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Economics of children's environmental health

Environmental Health Economic Analysis Annotated Bibliography

Details

Review Cost analysis (CA), Cost-benefit analysis (CBA), Cost-effectiveness analysis (CEA)
Authors
Trasande L
Journal
The Mount Sinai Journal of Medicine
Summary
This review article presented a selection of articles that used cost analyses, cost-effectiveness analyses, and cost-benefit analyses, and compared the relative merits of each approach as they apply to children's environmental health. The authors concluded that economic analyses in children’s environmental health are highly important to inform public-health policy, and further attention and training in their appropriate use are needed.
Population
Children

Health Outcomes

  • Reviewed publications that examined — respiratory outcomes (asthma)
  • metabolic outcomes (obesity)
  • neurodevelopmental outcomes (mental retardation)

Environmental Agents

List of Environmental Agents:

  • Reviewed publications that examined — metals (lead, methyl mercury)

Source of Environmental Agents:

  • Reviewed publications that examined — lead in gasoline
  • lead in paint
  • mercury from coal-fired power plants

Economic Evaluation / Methods and Source

Type:

  • Cost analysis (CA)
  • Cost-benefit analysis (CBA)
  • Cost-effectiveness analysis (CEA)

Cost Measured:

  • Reviewed publications that examined costs related to the following — healthcare expenses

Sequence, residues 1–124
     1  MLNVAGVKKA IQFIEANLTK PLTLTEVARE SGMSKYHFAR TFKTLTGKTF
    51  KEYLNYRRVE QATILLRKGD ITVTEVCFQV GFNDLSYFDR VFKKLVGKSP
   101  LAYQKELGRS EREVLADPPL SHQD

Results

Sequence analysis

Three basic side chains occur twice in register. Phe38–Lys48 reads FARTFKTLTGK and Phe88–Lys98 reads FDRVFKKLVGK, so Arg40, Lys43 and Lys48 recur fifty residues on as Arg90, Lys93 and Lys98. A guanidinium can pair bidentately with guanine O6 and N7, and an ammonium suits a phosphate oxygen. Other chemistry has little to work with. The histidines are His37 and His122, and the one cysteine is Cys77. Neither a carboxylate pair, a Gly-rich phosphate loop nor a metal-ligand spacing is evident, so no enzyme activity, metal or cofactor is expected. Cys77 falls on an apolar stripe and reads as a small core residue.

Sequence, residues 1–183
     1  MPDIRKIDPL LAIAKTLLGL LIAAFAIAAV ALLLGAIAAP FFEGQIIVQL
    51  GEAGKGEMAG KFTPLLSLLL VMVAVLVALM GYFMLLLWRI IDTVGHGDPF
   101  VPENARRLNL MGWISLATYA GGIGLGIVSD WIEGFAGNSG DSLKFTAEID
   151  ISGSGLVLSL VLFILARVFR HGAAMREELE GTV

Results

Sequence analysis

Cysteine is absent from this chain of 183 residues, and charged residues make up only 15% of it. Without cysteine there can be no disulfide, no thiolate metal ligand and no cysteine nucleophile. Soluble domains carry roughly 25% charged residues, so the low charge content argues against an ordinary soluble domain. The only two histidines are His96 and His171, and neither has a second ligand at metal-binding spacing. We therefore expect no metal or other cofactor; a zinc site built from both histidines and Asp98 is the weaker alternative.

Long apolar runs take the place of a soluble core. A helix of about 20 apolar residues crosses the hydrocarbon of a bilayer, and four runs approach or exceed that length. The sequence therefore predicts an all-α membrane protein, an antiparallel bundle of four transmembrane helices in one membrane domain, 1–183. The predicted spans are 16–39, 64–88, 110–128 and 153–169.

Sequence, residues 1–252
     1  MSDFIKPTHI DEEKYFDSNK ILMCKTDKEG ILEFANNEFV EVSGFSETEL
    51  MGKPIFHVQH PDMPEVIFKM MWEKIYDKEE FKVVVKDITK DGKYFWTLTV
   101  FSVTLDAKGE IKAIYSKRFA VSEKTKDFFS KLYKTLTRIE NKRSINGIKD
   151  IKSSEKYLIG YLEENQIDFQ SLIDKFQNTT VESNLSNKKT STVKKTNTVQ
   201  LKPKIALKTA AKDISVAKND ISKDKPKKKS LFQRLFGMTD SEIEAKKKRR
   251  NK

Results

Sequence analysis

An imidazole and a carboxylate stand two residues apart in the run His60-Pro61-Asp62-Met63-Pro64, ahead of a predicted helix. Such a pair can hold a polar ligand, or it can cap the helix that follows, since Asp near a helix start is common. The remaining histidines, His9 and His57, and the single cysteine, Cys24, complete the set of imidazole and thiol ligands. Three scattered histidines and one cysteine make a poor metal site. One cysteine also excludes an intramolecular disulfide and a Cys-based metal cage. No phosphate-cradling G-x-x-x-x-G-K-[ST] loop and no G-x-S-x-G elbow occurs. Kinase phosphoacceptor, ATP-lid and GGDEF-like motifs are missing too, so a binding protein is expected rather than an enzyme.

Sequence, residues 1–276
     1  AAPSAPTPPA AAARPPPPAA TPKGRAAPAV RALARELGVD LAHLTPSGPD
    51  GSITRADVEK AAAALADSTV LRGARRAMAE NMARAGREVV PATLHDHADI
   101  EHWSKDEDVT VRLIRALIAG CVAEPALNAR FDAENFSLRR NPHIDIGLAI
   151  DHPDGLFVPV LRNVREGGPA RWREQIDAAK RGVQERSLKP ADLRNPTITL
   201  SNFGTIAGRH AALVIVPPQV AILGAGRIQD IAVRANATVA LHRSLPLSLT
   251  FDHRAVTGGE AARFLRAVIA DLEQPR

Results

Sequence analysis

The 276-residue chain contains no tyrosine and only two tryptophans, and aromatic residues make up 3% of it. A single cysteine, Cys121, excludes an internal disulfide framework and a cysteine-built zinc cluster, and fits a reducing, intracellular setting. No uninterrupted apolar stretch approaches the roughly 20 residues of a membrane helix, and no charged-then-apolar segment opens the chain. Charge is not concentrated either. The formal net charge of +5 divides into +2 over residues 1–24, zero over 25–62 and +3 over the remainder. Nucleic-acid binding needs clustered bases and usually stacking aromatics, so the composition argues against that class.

• hospitalizations
  • prescription drugs
  • outpatient visits and emergency room visits
  • lost economic productivity
  • QALYs lost
  • cost of implementing interventions

Potential Cost Measures: (Not available)

Benefits Measures:

  • Reviewed publications that assessed benefits of reducing children's exposure to environmental agents, such as — quality adjusted life years (QALYs) or disability adjusted life years (DALYs) saved/gained
  • savings in healthcare expenses and educational costs
  • increased economic productivity
  • reduced incidence/prevention of illness (e.g., obesity, childhood lead poisoning, mental retardation)

Potential Benefits: (Not available)

Location: (Not available)

Models Used:

  • Review described the environmentally attributable fraction (EAF) model

Methods Used:

  • This review article compared three types of economic evaluations, described the strengths and weaknesses, and provided examples of each. The authors discussed data sources commonly used in economic health analyses and methodological gaps and issues.

Sources Used:

  • Authors recommended several data sources for conducting environmental health economic analyses, such as — NHANES (to quantify environmental exposures); National Health Interview Survey (for disease prevalence and incidence attributable to environmental exposures); Nationwide Inpatient Sample or National Hospital Discharge Survey (to quantify hospitalizations); Nationwide Emergency Department Sample or the National Hospital Ambulatory Medical Care Survey (to quantify emergency room visits); National Ambulatory Medical Care Survey or the Medical Expenditure Panel Survey (to quantify outpatient utilization)

Economic Evaluation / Methods and Source

Citation:

  • Trasande L. 2011. Economics of children's environmental health. The Mount Sinai Journal of Medicine.

Pubmed:

DOI:

NIEHS Funding: (Not available)

Other Funding: (Not available)